My Copy: 9780785808725 (image from abebooks.uk.com, different design from what’s available today)
I’ve had this book on my shelf for roughly fifteen years, and hadn’t so much as cracked it open til this week. I suppose there was a reason for that. I had to struggle to hit the 100 page benchmark before giving up.
Yes, I didn’t finish the book, so take this with a grain of salt if you want.
The introduction was 45 pages long, and even that was tough to get to. After that, Essential Tibetan Buddhism goes into clusters of scriptures, poetry, stories, etc. I think it’s just the presentation that made things difficult. It felt way over my head in the introduction, and then with the scriptures, it just jumped in.
Maybe I didn’t get enough out of the introduction, though I tried. I think there would’ve been some benefit to the idea that each section of the chapter with different types of scriptures or whatever could have a short introductory paragraph explaining what it is we’re going to be reading.
That would’ve made me keep going, that’s for sure. Those touches really help in an unfamiliar cultural text.
I also think that perhaps this is a more intermediate to advanced read for someone already familiar with Buddhism, Tibetan or otherwise. I have no real background except for scraps I’d gleaned in college, so I came into this without preparation. I hoped this would be a more novice-friendly text.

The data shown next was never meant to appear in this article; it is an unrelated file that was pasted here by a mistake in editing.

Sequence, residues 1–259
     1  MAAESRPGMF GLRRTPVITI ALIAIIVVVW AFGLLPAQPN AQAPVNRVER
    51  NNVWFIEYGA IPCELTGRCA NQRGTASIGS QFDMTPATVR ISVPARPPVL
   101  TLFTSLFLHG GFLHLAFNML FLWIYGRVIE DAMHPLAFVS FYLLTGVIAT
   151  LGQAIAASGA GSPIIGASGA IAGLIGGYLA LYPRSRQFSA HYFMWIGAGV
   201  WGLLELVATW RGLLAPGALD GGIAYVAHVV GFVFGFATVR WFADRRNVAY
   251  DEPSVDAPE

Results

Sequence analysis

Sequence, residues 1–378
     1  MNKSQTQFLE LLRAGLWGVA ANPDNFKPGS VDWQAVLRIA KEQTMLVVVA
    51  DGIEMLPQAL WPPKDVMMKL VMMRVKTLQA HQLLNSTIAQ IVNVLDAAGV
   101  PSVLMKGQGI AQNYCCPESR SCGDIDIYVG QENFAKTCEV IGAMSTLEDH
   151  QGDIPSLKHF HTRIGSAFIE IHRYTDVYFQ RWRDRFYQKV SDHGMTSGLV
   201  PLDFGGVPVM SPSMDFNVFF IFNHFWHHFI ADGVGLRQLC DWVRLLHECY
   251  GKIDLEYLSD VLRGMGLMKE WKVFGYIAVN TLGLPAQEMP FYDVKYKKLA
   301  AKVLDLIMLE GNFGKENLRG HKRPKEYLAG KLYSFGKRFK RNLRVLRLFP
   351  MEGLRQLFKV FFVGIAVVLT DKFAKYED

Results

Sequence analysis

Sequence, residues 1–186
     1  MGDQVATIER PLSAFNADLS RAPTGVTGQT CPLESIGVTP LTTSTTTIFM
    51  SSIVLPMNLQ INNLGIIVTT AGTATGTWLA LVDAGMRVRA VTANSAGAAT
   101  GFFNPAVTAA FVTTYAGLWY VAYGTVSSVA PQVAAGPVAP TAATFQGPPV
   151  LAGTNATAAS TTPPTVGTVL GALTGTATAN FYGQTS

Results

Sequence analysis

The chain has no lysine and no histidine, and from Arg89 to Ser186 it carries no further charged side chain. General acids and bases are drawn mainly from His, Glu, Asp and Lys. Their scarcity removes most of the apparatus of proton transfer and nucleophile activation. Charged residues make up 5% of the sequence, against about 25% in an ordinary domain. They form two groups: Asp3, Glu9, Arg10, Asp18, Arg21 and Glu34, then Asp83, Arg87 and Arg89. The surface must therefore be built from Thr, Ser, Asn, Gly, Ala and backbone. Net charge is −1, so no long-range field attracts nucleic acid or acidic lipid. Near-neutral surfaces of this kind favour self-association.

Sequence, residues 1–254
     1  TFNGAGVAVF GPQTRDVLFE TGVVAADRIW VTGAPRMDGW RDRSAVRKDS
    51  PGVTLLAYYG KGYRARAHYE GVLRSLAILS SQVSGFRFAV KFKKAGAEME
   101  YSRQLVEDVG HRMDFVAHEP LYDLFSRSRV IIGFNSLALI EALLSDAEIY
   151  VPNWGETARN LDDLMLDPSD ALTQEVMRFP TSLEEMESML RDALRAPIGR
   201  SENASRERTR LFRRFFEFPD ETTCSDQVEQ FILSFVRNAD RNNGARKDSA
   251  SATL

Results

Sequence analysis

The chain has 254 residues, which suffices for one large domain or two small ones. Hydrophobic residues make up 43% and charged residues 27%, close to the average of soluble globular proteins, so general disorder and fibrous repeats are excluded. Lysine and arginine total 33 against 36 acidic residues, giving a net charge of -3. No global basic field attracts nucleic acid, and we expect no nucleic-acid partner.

I’ve read other translated and compiled religious texts (anything done by Thomas Cleary is fantastically done, just to give a heads up), and this book was in the same style with the same publisher. I didn’t notice it was a totally different author til later, but I figured maybe it was part of some series.
Nope, this is a whole different animal. Then again, I’m sure Cleary has mostly dealt with Western religious history and texts versus the East.
But I digress.
If you’ve already got some Buddhism background to work with, then this book might just be useful. On the other hand, it’s not beginner-friendly, so if you’re like me (trying to learn everything you possibly can), then this might be a book to set aside for another year.
I’ll have to start with Buddhism for Dummies the next time I tackle Eastern philosophy and religion, I suppose.
Again, I didn’t finish Essential Tibetan Buddhism, but I tried. Just need more background or exposure to it, so take this review with a grain of salt if you want.